Gangkhar Puensum is a 7,570-metre (24,840-foot) mountain in the Himalayas range, in Bhutan and Tibet. It is the 40th highest mountain in the world. It is also known as Kangkar Pünzum. The name means "White Peak of the Three Spiritual Brothers". No one has ever made it to the top of Gangkhar Puensum. It is the highest mountain in the world that has never been climbed.
A few people have tried to climb the mountain in the past, but none succeeded. In 1994, Bhutan made a law that no one could climb above 6,000 metres (20,000 feet). Then in 2003, they banned all climbing. As long as the ban is in place, it is unlikely that anyone will reach the top from the Bhutan side. While it may be possible to start the climb in Tibet, China has not allowed it. Tibet is a autonomous region of the People's Republic of China (PRC). This is a political decision due to issues in the border region between China and Bhutan. There is a border dispute between the two countries.
- "Gangkar Punsum, Bhutan/China". Peakbagger.com. Retrieved 27 May 2019.
- Berry, S.K. (1988). "Kingdom of the Thunder Dragon". The Himalayan Journal. Vol. 44. Retrieved 27 May 2019.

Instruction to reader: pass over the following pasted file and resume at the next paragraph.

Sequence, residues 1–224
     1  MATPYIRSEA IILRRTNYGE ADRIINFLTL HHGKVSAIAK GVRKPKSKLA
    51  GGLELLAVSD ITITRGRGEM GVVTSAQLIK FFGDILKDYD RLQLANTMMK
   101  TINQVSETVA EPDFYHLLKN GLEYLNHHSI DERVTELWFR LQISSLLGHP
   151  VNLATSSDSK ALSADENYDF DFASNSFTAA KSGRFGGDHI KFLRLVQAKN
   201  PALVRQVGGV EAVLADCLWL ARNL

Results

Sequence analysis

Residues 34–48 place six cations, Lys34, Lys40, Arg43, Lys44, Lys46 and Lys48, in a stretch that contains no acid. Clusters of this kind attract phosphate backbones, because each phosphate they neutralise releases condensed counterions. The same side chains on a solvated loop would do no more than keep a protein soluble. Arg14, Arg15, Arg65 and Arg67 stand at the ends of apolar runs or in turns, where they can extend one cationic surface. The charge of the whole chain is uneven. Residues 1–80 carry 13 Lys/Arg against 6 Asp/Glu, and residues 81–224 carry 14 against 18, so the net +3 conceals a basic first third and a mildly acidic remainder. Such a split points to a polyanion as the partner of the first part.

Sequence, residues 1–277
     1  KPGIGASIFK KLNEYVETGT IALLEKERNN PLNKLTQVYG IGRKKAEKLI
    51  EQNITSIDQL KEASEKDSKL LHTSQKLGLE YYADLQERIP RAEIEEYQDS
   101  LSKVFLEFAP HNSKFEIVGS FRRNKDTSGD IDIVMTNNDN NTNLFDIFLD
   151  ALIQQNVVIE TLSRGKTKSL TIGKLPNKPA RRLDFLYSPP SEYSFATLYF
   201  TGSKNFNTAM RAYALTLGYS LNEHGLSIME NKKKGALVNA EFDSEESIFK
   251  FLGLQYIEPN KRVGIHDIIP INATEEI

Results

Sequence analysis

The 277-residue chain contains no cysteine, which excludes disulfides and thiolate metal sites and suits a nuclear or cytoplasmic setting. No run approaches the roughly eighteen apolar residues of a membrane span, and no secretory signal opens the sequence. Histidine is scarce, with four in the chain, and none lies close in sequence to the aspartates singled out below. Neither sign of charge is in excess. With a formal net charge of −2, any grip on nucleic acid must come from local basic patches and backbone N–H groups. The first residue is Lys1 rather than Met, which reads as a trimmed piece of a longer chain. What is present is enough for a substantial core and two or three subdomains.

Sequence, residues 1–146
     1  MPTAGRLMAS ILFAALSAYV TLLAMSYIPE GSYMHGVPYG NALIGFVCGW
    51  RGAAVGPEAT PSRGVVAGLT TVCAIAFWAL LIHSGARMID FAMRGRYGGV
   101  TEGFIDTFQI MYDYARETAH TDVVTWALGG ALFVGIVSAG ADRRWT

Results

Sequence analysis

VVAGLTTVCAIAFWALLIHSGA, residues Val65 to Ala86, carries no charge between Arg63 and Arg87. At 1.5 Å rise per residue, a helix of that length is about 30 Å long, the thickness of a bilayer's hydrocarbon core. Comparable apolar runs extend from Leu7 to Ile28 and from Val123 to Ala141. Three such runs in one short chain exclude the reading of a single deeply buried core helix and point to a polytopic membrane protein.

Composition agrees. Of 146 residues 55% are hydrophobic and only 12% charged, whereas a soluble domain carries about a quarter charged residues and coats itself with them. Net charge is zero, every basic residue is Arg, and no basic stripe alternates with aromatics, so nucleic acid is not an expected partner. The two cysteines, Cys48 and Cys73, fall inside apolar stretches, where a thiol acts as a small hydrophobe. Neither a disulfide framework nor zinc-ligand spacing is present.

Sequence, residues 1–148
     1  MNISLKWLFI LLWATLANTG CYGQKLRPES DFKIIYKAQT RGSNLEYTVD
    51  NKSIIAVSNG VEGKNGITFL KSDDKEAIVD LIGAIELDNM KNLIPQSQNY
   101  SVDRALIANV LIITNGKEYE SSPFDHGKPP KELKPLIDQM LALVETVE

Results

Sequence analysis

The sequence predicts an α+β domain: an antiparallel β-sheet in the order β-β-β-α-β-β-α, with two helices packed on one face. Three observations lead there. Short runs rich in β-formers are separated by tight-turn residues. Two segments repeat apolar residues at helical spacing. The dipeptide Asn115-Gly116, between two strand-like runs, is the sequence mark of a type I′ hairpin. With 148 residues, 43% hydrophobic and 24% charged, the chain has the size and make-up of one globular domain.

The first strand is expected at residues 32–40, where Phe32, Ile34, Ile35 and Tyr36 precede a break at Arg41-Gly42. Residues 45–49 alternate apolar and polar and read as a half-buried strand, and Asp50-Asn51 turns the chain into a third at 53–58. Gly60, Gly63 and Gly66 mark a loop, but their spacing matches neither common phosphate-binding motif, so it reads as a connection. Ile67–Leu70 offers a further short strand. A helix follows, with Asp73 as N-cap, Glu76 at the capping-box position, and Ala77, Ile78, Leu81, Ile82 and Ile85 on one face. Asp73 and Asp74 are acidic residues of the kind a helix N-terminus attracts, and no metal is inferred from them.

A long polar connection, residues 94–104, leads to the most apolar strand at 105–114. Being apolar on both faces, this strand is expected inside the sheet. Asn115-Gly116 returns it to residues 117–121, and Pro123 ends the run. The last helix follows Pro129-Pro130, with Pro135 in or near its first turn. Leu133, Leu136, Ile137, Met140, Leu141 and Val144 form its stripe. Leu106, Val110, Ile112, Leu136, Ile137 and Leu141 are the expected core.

- Nuwer, Rachel (4 July 2014). "The mountains we have never climbed". BBC Future. BBC. Retrieved 27 May 2019.
- "Gangkar Punsum". Peakware.com. Retrieved 27 May 2019.
- Jennings, Ken (14 December 2015). "What's the World's Highest Mountain That's Never Been Climbed?". Condé Nast Traveler. Retrieved 27 May 2019.
- Newcomb, Tim (19 January 2018). "7 of the Tallest Unclimbed Mountains in the World". Popular Mechanics. Retrieved 27 May 2019.
- Guinness World Records (29 August 2017). Guinness World Records 2018: Meet our Real-Life Superheroes. Guinness World Records. p. 133. ISBN 978-1-912286-18-8.
- "Gangkhar Puensum". Atlas Obscura. Retrieved 27 May 2019.
- "Bhutan Travel, Mountaineering in Bhutan". Inside Himalayas. 10 April 2015. Retrieved 27 May 2019.
- Guinness World Records (1 September 2015). Guinness World Records 2016. Guinness World Records. p. 194. ISBN 978-1-910561-06-5.
- Itami, Tsuguyasu (2001). "Gankarpunzum & First Ascent Of Liankang Kangri Mountain In Dispute On China-Bhutan Border" (PDF). Japanese Alpine News. Vol. 1. The Japanese Alpine Club. Retrieved 27 May 2019.
- "Bhutan-China Relations". Bhutannewsonline.com. 5 July 2004. Archived from the original on 27 December 2009. Unknown parameter
Media related to Gangkhar Puensum at Wikimedia Commons